The term’s balance sheet definition can be described as a financial statement that a company uses to report its liabilities, assets, and shareholders’ equity at a given time. A balance sheet is a baseline allowing a company to evaluate its capital structure. At the same time, it makes it possible for a company to compute its investors’ rate of return.
In other words, a balance sheet shows an overall view of what a company owns and owes, but at the same time, it indicates the shareholder’s investments. Balance sheets can also be used to oversee fundamental analysis or to calculate financial ratios for that company.
While balance sheets provide a snapshot image of the company’s finances at any given time, they do not give any inputs on trends on their own. By looking at a balance sheet, real estate investors can not estimate where the company will be in the future or where it had been in the past from a financial standpoint. However, if you take previous balance sheets and compare them to the most current one a company has, that can give at least an impression of potential upcoming trends.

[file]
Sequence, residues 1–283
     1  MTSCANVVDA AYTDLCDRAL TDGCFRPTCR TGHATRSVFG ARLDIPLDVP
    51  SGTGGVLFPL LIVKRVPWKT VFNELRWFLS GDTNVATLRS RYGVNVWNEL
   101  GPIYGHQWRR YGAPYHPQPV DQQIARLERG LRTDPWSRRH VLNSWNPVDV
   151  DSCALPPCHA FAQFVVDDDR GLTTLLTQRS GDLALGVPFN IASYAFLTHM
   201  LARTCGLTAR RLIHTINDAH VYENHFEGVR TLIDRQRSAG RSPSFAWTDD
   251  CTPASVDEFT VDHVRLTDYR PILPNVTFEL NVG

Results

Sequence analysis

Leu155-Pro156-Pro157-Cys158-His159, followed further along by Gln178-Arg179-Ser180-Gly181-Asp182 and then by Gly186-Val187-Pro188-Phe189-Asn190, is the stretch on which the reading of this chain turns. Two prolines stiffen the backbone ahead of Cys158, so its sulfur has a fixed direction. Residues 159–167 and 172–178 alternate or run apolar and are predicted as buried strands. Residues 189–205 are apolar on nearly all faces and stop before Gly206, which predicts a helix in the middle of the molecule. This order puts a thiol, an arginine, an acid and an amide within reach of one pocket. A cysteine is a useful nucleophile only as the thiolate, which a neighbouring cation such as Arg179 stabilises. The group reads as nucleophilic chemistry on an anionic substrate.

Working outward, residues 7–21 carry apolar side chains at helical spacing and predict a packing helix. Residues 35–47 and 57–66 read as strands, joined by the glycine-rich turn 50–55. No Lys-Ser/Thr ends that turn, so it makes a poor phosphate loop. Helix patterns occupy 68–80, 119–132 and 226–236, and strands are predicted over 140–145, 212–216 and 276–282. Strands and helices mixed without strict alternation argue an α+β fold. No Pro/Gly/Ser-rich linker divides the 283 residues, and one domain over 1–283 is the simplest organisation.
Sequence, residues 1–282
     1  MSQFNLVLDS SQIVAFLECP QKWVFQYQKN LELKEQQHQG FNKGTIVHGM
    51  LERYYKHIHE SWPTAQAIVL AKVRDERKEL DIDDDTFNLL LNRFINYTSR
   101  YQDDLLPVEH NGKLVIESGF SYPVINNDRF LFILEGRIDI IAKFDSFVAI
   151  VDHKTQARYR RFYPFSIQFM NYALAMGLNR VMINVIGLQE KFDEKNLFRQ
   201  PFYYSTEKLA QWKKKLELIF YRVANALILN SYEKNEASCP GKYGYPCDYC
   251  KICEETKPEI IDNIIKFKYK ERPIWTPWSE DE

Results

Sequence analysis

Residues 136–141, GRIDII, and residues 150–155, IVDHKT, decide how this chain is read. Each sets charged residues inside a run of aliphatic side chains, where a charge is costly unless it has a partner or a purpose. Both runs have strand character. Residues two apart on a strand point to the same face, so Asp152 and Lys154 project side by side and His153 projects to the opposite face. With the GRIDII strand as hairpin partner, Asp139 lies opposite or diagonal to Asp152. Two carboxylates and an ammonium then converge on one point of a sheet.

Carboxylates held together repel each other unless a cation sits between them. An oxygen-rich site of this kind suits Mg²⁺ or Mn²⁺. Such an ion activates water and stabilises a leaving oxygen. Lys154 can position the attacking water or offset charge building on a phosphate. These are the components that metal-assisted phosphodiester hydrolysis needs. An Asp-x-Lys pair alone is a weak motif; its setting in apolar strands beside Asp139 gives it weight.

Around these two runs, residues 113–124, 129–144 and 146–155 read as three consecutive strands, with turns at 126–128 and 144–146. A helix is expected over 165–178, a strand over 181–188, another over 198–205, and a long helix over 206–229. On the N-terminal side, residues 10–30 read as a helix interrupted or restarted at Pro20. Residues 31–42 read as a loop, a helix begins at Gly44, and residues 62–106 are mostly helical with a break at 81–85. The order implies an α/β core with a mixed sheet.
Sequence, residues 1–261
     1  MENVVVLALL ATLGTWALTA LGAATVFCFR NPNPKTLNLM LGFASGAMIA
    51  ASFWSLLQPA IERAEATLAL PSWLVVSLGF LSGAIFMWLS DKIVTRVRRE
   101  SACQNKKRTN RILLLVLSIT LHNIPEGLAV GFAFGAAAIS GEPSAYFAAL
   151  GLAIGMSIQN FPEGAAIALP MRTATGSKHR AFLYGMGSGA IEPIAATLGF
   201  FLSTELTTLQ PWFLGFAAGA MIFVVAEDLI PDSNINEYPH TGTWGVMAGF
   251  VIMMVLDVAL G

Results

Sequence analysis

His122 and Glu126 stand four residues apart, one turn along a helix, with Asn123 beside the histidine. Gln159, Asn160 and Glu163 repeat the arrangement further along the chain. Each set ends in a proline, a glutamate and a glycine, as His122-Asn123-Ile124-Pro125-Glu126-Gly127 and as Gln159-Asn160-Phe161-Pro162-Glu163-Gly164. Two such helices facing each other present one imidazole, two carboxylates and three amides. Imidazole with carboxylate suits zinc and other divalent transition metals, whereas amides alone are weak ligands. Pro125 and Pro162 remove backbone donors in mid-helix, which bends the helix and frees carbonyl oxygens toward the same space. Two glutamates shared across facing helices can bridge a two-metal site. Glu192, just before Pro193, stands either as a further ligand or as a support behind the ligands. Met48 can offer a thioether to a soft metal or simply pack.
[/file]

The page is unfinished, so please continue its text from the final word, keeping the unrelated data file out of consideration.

Based on ratios derived from balance sheets, investors can understand how a company is dealing financially. Some ratios are the debt-to-equity ratio and acid-test ratio, but the list is long. Income statements, cash statements, or other addenda related to a company’s earnings usually refer back to the balance sheet and can give a more concrete picture of a company’s finances.
Assets = Liabilities + Shareholder’s Equity
The formula is simple and straightforward. A company needs to pay the things it owns through the money it borrows (liabilities) and/or money from investors (shareholder’s equity).
To give an example, if a company takes a loan for five years of $6,000 from a bank, the asset owned by the company increases by $6,000. Similarly, if the company takes the same amount from investors, the company’s assets and shareholder equity will grow by the same amount. The two balance themselves out. Any revenue generated that exceeds its expenses will go into the shareholder’s equity account. The revenues will balance the asset’s side of the formula either as cash, inventory, investments, or other assets.
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